At The First Jerusalem Biennale: Jewish Artists Are Casting Away And Gathering Stones

As part of the Jerusalem Biennale events, last night, 23 September 2013, about 80 Jerusalemites attended the “Ancient Texts and Contemporary Art” panel discussion. Artists Andi Arnovitz, David Moss, Ken Goldman, Ruth Schreiber and Mordechai Beck were the panelists who presented some of their works and commented on the nexus between Jewish sources, inspiration and modern issues. As the artists spoke and we viewed their work, I particularly connected to Andi Arnovitz’s “My Worry Beads” and Ken Goldman’s “Kaddish Stones”. 
As I listened to these two artists, I recalled The Byrds version of Kohelet (Ecclesiastes) 3:1-8, the song “Turn, Turn, Turn” because we Jews have just read Kohelet as part of the celebration of Sukkot (The Festival of Booths).  
Andi Arnovitz shared that her variable size installation “My Worry Beads” brings together all of her worries particularly those she feels as a Jewish-American-Israeli artist: “Here in Israel we take everything personally, everything is very personal and happens to me.” Arnovitz succeeds in connecting to the very Israeli characteristic of shared worries which bind us as a people and nation while at the same time pointing out how worry is temporary in nature. While listening to Arnovitz I thought of the line “A time to gather stones” (Kohelet 3:5) and felt the heavy fullness of life in Israel.  But unlike Arnovitz I want to let go of my worry beads and seek out the positive energy which exists here in this Land of shared dreams were we are all working towards fulfilling the dream of real and true peace.  
Andi Arnovitz "My Worry Beads" taken from http://www.andiarnovitz.com/

Andi Arnovitz “My Worry Beads” taken from http://www.andiarnovitz.com/

I began feeling that release from worry as I listened to Ken Goldman share that in his project  “Kaddish Stones” he had engraved all 79 words of the mourners “Kaddish*” on stones that he had collected from the fields around his home at Kibbutz Shluchot.  His intention is for these stones to be distributed to people who will be visiting various sites related to the Holocaust of Jews throughout Europe. His engraved stones are meant to be left behind and in the future they will attract the eye of other visitors who will pick them up and utter the word inscribed on them. As more stones are lifted and read a virtual “Kaddish” will be created and will continually pay respectful tribute to the memory of the 6 million Jews murdered in the Holocaust. Goldman’s work encapsulates and balances between the temporary nature of man and our prayer, and the permanent nature of G-d. His work brought into clear focus the line “A time to cast away stones” (Kohelet 3:5), with the realization that in repeating the sentences of praise and glorification to G-d we are moving forward towards peace while at the same time honoring the memory of all that has gone on before our own time.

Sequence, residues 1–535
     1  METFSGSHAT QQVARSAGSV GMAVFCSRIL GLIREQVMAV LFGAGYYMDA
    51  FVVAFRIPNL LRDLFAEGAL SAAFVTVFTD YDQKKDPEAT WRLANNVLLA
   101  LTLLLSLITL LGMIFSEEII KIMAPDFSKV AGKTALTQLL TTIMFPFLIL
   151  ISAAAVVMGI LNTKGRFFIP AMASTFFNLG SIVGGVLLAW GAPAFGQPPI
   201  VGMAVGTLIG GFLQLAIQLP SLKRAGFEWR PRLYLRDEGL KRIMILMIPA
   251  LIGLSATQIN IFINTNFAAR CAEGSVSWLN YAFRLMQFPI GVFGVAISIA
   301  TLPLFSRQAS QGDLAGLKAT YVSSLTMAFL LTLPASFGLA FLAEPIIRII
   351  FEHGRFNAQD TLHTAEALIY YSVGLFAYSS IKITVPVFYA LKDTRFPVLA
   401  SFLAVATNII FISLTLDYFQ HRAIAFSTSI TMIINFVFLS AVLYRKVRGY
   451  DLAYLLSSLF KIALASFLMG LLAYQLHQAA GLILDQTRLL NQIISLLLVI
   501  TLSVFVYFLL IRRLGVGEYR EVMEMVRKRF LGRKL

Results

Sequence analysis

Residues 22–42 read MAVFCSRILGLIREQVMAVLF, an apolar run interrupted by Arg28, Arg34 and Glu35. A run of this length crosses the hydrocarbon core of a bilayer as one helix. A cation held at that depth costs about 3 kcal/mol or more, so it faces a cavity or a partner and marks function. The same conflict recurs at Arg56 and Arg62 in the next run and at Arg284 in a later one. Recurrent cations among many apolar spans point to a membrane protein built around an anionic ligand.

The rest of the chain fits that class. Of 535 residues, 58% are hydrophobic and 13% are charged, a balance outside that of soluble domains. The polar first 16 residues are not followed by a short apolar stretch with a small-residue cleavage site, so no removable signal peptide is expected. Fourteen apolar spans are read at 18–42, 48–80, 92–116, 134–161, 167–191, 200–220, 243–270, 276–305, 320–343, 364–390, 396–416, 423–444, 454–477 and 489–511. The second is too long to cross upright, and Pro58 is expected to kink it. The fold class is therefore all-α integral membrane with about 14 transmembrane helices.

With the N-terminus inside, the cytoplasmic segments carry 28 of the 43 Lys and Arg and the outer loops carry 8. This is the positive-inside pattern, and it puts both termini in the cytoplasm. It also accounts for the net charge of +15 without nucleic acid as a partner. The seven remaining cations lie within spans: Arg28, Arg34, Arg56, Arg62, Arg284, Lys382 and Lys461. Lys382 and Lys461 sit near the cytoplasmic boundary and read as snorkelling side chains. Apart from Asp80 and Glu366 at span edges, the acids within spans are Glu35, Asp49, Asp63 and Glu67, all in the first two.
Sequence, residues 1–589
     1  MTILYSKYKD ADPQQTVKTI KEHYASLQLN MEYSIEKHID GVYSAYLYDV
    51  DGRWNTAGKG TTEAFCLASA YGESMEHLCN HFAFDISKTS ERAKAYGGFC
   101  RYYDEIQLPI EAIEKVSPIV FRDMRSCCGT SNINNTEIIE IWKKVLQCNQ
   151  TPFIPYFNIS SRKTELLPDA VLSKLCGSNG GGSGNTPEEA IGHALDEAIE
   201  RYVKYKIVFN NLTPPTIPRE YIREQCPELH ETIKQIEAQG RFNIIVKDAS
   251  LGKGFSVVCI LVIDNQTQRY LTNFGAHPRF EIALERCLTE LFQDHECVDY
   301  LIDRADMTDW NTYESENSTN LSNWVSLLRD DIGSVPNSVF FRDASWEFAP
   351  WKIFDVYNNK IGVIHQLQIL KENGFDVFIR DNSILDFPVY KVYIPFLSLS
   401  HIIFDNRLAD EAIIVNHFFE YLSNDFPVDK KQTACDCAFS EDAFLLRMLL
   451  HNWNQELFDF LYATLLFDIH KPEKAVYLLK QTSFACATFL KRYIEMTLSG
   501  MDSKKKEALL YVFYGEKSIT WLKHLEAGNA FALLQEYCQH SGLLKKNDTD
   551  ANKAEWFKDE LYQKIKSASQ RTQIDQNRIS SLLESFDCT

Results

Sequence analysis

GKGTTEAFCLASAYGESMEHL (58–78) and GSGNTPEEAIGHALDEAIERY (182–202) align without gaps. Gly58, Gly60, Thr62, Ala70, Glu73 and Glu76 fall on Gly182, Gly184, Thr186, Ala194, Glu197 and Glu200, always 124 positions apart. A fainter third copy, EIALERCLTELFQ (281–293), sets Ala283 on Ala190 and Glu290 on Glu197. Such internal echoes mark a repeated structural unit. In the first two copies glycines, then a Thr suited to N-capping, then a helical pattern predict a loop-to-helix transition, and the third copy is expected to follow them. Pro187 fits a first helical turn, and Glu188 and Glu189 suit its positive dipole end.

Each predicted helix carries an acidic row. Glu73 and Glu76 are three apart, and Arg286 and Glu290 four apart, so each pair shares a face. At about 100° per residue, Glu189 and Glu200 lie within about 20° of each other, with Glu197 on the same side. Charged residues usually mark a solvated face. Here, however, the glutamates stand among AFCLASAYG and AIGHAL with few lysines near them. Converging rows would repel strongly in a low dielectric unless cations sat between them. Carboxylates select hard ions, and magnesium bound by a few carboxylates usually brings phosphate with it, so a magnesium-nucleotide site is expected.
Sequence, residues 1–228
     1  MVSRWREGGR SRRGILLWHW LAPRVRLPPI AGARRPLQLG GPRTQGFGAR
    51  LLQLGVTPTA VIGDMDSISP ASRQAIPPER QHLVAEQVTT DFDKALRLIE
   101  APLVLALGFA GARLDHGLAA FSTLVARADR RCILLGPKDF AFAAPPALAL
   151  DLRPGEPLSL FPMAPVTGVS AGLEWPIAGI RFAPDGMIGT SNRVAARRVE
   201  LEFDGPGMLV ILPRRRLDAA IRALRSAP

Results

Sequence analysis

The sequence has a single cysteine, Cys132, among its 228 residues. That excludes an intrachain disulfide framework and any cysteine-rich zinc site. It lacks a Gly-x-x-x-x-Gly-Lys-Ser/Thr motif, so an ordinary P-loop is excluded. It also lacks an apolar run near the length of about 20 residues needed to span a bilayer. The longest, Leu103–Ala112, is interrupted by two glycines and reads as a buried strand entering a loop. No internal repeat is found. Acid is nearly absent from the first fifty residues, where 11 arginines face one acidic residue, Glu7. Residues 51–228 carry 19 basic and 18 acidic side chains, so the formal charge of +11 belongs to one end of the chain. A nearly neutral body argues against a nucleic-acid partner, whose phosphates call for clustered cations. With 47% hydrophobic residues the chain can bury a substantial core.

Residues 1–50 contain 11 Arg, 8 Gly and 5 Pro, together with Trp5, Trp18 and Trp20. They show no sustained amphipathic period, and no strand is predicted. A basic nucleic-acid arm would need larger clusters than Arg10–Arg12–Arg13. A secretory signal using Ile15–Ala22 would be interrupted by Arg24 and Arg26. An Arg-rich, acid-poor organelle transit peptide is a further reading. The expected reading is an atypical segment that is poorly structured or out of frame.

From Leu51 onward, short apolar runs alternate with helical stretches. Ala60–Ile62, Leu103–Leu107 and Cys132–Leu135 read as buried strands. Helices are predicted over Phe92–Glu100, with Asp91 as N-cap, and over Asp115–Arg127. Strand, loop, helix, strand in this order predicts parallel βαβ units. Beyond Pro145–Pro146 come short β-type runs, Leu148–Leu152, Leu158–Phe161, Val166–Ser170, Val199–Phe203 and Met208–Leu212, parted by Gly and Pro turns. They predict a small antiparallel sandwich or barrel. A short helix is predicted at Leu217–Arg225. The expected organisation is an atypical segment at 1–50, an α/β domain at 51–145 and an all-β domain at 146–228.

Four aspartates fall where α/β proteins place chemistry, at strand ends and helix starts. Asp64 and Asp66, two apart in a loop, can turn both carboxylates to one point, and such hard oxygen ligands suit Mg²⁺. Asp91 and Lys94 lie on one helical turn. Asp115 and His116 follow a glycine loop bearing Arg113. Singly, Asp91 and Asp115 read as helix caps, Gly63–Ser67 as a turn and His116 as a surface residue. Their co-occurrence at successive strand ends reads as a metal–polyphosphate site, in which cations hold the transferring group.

Ken Goldman's "Kaddish Stones" taken from http://www.kengoldmanart.com/index.html

Ken Goldman’s “Kaddish Stones” taken from http://www.kengoldmanart.com/index.html

Arnovitz and Goldman’s works joined together to form both an echo of Kohelet 3:5 which is connected to Sukkot and to the Succah (Booth) itself which is both seasonally temporary, but annually permanent through its appearance in the Jewish holiday cycle.  

 
*Kaddish: Jewish Prayer in which we glorifying G-d and pray for peace.
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For more information about The Jerusalem Biennale for Contemporary Jewish Art running between 15 September and 31 October 2013 please visit their site at: http://jerusalembiennale.org/
For more about Ken Goldman: http://www.kengoldmanart.com/index.html
    
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